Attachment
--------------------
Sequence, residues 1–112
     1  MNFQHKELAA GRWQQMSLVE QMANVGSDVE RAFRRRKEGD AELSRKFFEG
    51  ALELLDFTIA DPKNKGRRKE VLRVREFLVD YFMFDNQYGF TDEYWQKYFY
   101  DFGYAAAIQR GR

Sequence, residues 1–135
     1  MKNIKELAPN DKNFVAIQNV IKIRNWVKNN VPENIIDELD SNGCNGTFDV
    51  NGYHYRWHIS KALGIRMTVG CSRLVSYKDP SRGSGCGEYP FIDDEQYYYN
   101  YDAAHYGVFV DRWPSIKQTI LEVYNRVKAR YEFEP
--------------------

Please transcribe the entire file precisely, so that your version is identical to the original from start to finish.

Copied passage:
Sequence, residues 1–112
     1  MNFQHKELAA GRWQQMSLVE QMANVGSDVE RAFRRRKEGD AELSRKFFEG
    51  ALELLDFTIA DPKNKGRRKE VLRVREFLVD YFMFDNQYGF TDEYWQKYFY
   101  DFGYAAAIQR GR

Sequence, residues 1–135
     1  MKNIKELAPN DKNFVAIQNV IKIRNWVKNN VPENIIDELD SNGCNGTFDV
    51  NGYHYRWHIS KALGIRMTVG CSRLVSYKDP SRGSGCGEYP FIDDEQYYYN
   101  YDAAHYGVFV DRWPSIKQTI LEVYNRVKAR YEFEP